The annual meeting of the European Astronomical Society is happening this week. This year, I am not only a participant and speaker (two talks, one on Tuesday in S10, the other on Wednesday in S7). No, I am also chair of the SOC organizing one of the two-day symposia: S11 – The Local Group in Context: Galaxies in the Local Volume as a Testbed of Cosmology. It will take place on Thursday, July 2 and Friday, July 3, and consists of a total of six 1.5h sessions, a total of 30 talks and 10 ePosters.
When I had applied for this opportunity with the concept for this Symposium, last year and way before anyone had heard of the Corona virus, the conference was expected to take place in Leiden, The Netherlands. Things came differently, the conference switched to a massive virtual meeting (approaching 1500 participants in total), and also my symposium had to switch to a different format. Despite such challenges, I think we have a highly interesting symposium coming up, and I’m excited about the many excellent speakers who will contribute to our meeting.
Below, you find some more information on our symposium:
Aims and scope
Dwarf galaxies have traditionally been discovered and studied in the Local Group (LG), as satellites of the Milky Way and the Andromeda Galaxy. On this scale, detailed studies of their internal dynamics, chemistry, star formation histories, orbits, scaling relations, and overall distribution are possible. Comparisons of these observations to simulations based on the ΛCDM model of cosmology have identified a number of small-scale challenges. Since their identification, substantial theoretical progress has been made in addressing these challenges, including improved modeling of baryonic effects in hydrodynamical simulations, as well as a flurry of other proposed solutions within and outside of the ΛCDM paradigm. While these have improved the match with observations, they are often implicitly tailored to the LG due to the preponderance of data from our immediate neighborhood.
Multiple surveys (e.g. Saga, PISCeS, Dragonfly, DGSAT) are now actively studying galaxy systems beyond the LG. These ongoing efforts, as well as upcoming advances in observational capabilities (e.g. ELTs, LSST, JWST, Euclid), let us extend comparisons with model expectations to galaxies and galaxy groups in the larger-scale Local Volume (LV). This provides an opportunity to determine by how much the LG is dominated by peculiarities, and to investigate which small-scale challenges are also present on this larger scale, thereby expanding the scope of near-field cosmology. Proposed solutions and alternatives to ΛCDM (e.g. warm and self-interacting dark matter, or more exotic ideas) can now also be tested by comparing them to the observed galaxies and satellite systems in the LV. Finally, this allows to see the LG in context of the overall structure of the nearby cosmic web and the flow of galaxies.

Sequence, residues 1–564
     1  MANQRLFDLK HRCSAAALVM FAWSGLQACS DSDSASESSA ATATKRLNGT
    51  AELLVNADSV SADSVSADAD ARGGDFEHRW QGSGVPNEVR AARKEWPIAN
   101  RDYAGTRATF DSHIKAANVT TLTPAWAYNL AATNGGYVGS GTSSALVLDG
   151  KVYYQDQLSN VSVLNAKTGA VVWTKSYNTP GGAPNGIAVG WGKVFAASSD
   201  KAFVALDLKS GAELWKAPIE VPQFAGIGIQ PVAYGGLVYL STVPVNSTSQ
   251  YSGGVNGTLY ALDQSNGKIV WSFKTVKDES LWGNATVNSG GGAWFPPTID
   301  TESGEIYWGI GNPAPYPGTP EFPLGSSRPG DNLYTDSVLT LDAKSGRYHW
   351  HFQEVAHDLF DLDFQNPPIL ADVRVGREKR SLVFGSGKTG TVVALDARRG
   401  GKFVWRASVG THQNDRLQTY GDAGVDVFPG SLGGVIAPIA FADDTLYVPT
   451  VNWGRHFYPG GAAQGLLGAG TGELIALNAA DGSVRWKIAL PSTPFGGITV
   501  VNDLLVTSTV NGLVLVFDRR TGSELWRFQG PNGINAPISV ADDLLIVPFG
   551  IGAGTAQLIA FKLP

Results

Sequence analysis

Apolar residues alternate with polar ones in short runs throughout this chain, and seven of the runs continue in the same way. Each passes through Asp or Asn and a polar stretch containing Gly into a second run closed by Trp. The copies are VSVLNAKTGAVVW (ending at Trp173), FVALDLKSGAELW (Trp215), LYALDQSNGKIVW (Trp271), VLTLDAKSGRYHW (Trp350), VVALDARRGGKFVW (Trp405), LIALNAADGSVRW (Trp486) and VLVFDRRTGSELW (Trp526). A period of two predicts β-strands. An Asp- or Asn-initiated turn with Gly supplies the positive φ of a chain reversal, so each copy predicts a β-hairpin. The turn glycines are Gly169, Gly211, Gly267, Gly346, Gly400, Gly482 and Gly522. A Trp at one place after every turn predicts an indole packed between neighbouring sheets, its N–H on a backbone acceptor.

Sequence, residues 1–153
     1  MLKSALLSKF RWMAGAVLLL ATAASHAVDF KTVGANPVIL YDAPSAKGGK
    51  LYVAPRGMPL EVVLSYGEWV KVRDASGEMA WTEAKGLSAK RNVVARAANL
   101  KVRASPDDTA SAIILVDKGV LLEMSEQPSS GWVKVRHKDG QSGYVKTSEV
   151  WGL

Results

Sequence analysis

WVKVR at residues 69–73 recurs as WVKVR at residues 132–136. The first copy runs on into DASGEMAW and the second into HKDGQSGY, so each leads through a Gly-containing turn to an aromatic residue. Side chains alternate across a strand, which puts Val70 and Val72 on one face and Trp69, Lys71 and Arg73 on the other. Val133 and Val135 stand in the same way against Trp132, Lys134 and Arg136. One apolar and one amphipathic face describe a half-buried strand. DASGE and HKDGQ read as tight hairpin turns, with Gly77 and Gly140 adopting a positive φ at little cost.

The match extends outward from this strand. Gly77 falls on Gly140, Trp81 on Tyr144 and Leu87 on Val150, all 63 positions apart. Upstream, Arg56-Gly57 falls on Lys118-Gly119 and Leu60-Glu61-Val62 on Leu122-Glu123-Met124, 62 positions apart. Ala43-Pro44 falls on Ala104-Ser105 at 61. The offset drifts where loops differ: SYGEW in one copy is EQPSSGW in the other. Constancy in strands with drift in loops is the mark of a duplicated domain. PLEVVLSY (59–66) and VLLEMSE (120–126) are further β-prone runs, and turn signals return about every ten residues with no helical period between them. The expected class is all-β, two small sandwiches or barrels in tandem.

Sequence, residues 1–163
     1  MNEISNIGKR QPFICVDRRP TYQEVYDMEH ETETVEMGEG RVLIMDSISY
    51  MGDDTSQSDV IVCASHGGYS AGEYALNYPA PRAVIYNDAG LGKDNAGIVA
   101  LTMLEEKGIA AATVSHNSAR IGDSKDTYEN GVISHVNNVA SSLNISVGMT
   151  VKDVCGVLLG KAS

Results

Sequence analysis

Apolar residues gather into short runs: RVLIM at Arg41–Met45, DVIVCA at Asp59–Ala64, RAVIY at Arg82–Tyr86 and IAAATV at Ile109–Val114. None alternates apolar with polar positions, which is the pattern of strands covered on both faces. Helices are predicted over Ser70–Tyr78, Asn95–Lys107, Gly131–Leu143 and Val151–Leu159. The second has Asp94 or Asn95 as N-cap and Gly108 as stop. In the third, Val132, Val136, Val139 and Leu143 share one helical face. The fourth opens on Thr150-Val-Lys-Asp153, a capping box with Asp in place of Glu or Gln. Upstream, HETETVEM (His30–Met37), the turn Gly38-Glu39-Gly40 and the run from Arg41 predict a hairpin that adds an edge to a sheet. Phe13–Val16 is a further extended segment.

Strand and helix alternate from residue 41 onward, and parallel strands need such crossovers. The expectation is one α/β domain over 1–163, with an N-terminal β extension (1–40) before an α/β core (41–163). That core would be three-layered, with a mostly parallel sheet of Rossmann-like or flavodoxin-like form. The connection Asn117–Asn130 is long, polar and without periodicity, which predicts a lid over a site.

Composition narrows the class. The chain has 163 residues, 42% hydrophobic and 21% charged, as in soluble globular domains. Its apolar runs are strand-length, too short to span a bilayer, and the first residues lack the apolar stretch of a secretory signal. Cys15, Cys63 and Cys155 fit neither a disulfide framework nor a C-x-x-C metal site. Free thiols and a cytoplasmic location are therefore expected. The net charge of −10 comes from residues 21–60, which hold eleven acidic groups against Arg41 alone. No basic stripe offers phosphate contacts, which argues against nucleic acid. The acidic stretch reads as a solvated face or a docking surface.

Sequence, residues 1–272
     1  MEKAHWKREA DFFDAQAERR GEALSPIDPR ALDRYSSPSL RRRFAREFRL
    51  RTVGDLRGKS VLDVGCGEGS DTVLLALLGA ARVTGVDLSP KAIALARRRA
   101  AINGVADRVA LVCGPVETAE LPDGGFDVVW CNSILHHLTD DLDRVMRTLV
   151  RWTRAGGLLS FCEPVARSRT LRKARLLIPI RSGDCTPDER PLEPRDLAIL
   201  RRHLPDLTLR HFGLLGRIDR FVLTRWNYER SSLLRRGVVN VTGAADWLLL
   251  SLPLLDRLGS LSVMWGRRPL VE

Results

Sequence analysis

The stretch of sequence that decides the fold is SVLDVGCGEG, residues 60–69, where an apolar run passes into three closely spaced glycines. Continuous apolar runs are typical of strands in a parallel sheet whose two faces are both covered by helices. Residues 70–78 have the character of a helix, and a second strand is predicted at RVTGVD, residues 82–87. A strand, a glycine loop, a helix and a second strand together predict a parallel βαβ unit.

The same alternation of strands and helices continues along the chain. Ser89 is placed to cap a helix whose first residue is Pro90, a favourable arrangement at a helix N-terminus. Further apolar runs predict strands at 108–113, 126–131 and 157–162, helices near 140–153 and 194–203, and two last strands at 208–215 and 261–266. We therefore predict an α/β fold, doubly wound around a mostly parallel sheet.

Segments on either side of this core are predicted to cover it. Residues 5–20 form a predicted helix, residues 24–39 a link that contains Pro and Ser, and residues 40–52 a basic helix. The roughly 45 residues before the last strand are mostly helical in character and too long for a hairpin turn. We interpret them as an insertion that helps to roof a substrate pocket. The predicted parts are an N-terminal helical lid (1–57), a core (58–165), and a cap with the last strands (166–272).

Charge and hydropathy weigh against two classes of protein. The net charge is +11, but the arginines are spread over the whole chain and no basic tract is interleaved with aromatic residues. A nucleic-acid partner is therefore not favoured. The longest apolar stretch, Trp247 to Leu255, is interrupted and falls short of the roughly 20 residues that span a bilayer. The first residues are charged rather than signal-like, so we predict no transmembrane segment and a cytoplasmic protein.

This symposium will bring together observers and theorists working on the LG with those studying the larger-scale LV. Topics to be discussed include:
- The LG and its dynamical history in context: What do we know, what are the main challenges?
- Observational surveys: What have we learned thus far about galaxies, their satellite systems, and groups of isolated dwarf galaxies in the LV?
- The status of small-scale problems in the LV: Do satellite galaxy luminosity functions match expectations or are there satellites missing beyond the LG? Is there a too-big-to-fail problem in the field? Can we study planes of satellite galaxies around distant hosts?
- Addressing the small-scale challenges: Which proposed solutions can be tested in the LV? Which alternatives to ΛCDM are viable, and can the LV help us to differentiate between them?
- The nearby cosmic web: Does is affect the small-scale problems? What can we learn from constrained cosmological simulations?
- The future: What are the prospects of studying the LV with ELTs, and of measuring proper motions in the LG and beyond? What theoretical developments are needed for fair comparisons between simulations and the LV?
- Giuseppina Battaglia (Instituto de Astrofisica de Canarias)
- Pierre-Alain Duc (Observatoire Astronomique de Strasbourg)
- Mike Boylan-Kolchin (The University of Texas at Austin)
- Azi Fattahi (ICC, Durham University)
- Noam Libeskind (Leibniz-Institut für Astrophysik Potsdam)
- Marina Rejkuba (ESO)
Marcel S. Pawlowski (chair, Leibniz-Institut für Astrophysik Potsdam, Germany)
Alyson Brooks (Rutgers University, USA)
Arianna Di Cintio (Instituto de Astrofísica de Canarias, Spain)
Eva K. Grebel (Heidelberg University, Germany)
Oliver Müller (Observatoire Astronomique de Strasbourg, France)
Justin Read (University of Surrey, UK)